RALEIGH — Democratic Gov. Roy Cooper on Friday attacked the North Carolina General Assembly and NC Chamber over confirmation of nominees to judicial appointments based on race. In a letter to the NC Chamber, Cooper alleged that members of the legislature were consulting with the Chamber on judicial nominees and he had “serious concerns over the habitual failure of the North Carolina General Assembly to confirm Black nominees to various judicial or quasi-judicial roles.”
Cooper’s letter, penned to the NC Chamber’s President and CEO Gary Salamido and sent to media outlets throughout the state, reads in part, “It has been the experience of my office that the Chamber has not supported the nomination of several Black nominees to judicial and quasi-judicial roles, despite repeated requests to do so.”
The governor continued, writing, “I strongly urge you to work with your staff and members to consider the NC Chamber’s impact, intentional or not, in making North Carolina government less representative than the people it serves. I am sending a copy of this letter to your Board of Directors and members, most of whom I am sure are not aware of this problem and will want to rectify it once they are made aware of the statistics.”
The letter cites a statistic alleging that the General Assembly has confirmed 13 out of 33 Black nominees to various positions, both in and outside of the judicial system, around 39% compared to white nominees, 42 of 70 (60%).
“I ask that you confer with your staff and members, look at the facts, and reflect on the damage the NC Chamber’s actions can cause to our state’s reputation, business community and judicial system. A real change is necessary,” wrote Cooper in closing.
In a prompt response, the NC Chamber issued a statement followed by a detailed letter refuting the governor’s claims.
“On Friday, Nov. 17, 2023, the NC Chamber received a letter from Gov. Roy Cooper. Sadly, it was initially delivered to the media and then to our organization. As such, we issued a brief statement observing Gov. Cooper’s accusations to be both meritless and beneath the dignity of his office,” the Chamber said through a spokesperson. “Unfortunately, we have no choice but to now respond more fully to provide greater public clarity on how some of his nominations have been received generally and, more specifically, by the broader business community.”
In a letter to Cooper, Salamido defended the Chamber’s role in supporting or rejecting nominees based on qualifications, not race. Salamido emphasized the Chamber operates without bias and pointed out the recent confirmation of a Black nominee to the Board of Review with their backing.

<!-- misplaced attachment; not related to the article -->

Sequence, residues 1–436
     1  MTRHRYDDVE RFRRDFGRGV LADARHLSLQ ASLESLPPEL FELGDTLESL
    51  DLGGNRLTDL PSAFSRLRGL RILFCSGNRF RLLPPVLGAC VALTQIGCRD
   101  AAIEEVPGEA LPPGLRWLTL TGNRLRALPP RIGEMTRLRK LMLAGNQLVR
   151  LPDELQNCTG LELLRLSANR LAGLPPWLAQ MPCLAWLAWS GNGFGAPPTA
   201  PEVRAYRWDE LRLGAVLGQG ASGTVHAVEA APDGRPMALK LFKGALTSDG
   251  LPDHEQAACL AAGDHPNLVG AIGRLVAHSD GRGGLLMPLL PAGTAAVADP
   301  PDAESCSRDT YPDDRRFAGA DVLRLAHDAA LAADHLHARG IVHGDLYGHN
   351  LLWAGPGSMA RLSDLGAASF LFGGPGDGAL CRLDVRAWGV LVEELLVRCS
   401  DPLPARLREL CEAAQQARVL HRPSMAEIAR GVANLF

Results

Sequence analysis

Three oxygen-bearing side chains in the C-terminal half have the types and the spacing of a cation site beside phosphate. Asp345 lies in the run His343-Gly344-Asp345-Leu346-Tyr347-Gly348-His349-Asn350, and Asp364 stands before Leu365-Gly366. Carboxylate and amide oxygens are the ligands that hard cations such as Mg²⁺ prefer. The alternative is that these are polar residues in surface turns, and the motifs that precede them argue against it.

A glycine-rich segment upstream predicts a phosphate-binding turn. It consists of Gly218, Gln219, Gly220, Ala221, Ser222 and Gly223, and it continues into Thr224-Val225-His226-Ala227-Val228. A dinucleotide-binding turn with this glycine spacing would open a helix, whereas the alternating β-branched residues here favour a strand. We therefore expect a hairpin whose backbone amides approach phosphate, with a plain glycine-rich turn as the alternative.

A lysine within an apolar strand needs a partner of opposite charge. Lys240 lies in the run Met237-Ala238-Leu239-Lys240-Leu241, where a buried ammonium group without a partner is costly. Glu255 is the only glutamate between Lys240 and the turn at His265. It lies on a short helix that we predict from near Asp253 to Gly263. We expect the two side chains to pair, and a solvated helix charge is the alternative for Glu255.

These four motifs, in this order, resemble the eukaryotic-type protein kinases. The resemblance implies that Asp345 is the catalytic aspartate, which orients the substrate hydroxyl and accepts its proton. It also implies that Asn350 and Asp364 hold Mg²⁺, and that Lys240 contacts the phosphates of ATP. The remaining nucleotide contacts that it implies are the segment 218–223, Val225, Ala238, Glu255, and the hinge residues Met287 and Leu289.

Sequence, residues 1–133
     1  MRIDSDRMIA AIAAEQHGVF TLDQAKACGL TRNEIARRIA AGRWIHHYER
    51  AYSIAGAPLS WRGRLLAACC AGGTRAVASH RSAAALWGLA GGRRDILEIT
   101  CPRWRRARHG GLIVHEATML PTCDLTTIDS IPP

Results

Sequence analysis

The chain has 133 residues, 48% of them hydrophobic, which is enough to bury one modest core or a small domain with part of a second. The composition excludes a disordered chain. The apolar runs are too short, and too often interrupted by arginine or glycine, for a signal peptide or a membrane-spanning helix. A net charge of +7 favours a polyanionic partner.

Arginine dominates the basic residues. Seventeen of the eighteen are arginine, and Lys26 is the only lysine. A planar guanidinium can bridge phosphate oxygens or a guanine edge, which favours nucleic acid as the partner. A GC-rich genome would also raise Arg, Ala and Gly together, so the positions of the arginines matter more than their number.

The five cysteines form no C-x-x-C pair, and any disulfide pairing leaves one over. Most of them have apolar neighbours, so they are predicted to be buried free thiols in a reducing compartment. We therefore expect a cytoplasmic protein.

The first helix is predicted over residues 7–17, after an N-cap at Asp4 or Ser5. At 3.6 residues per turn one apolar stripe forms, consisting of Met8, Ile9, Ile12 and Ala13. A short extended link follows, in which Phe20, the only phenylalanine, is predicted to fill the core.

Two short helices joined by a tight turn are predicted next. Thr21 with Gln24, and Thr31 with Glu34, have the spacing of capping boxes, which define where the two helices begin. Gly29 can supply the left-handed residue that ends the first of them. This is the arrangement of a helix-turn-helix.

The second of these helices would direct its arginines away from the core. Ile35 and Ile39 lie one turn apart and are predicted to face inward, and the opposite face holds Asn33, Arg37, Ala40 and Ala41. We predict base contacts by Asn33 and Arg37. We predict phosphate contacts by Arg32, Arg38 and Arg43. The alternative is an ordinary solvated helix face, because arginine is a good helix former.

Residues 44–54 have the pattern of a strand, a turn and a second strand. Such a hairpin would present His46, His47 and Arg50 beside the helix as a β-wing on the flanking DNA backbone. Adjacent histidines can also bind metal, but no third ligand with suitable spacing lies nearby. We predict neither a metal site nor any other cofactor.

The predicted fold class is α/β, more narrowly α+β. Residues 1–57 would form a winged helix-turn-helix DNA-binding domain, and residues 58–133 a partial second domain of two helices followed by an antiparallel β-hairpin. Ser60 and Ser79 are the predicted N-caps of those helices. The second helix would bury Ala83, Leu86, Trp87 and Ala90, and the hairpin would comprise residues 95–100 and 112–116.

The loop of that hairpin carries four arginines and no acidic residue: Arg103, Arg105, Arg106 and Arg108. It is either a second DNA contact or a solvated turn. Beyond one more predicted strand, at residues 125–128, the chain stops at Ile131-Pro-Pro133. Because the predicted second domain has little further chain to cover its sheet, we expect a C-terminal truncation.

He challenged the governor’s presentation of the facts surrounding the nominees’ rejections, suggesting that factors unrelated to race, such as potential conflicts of interest and legislative history, played a part.
“While we acknowledge your observation that the ‘Chamber is known to play an outsized role in supporting or rejecting the confirmation’ of some nominees, and our ‘substantial influence on the General Assembly’ – the essence of your commentary, contained in your November 17 letter, is simply misplaced,” said Salamido.
“[N]oticeably absent from your letter and observations are any acknowledgement of your role in the confirmation process, or any description of the effort or political capital you have invested to have your nominees confirmed. You also provided no context to the circumstances under which some of your nominations were submitted and the actual reasons they likely were not confirmed.”
Salamido pointed out specific examples he said were non-race-based reasons for the rejection of many of Cooper’s appointments, including non-judicial appoints like the Board of Review, a body that reviews state regulations for their adherence to state laws.
He said three rejected nominees to the Board of Review that had indicated they would not stop practicing law in private practice if they were appointed to the commission, which pays each member $148,000 per year.
According to the NC Chamber, of Cooper’s last six nominations to the Industrial Commission, two were Black, received support from the Chamber and were confirmed unanimously by the General Assembly.
Regarding Business Court appointments, which makes up a significant portion of Cooper’s initial letter, Salamido said the governor bears the failure of his nominees.
Cooper specifically cited his nomination of a political independent, military veteran for a business court seat in his letter. While he did not name her, Cooper appears to be arguing the General Assembly refused to consider his nomination of Jocelyn Mitnaul Mallette.
In his letter to Cooper, Salamido suggested, “her nomination might have still been on a pathway to success had you engaged more constructively this past legislative session to secure it.”
Salamido also referenced Cooper’s own lack of minority appointments to statewide appellate seats.
Discussing the recent resignation of Justice Mike Morgan, who is seeking the Democratic nomination for governor in 2024, Salamido said, “It is also well-chronicled that a long-serving and highly regarded Supreme Court Justice recently resigned to seek your party’s nomination for Governor. He also happens to be Black. Not only have you swiftly endorsed his opponent, who is not Black, you also appointed a non-minority to fill his open seat on the Supreme Court,” highlighting the elevation of Allison Riggs to the state’s highest court in September.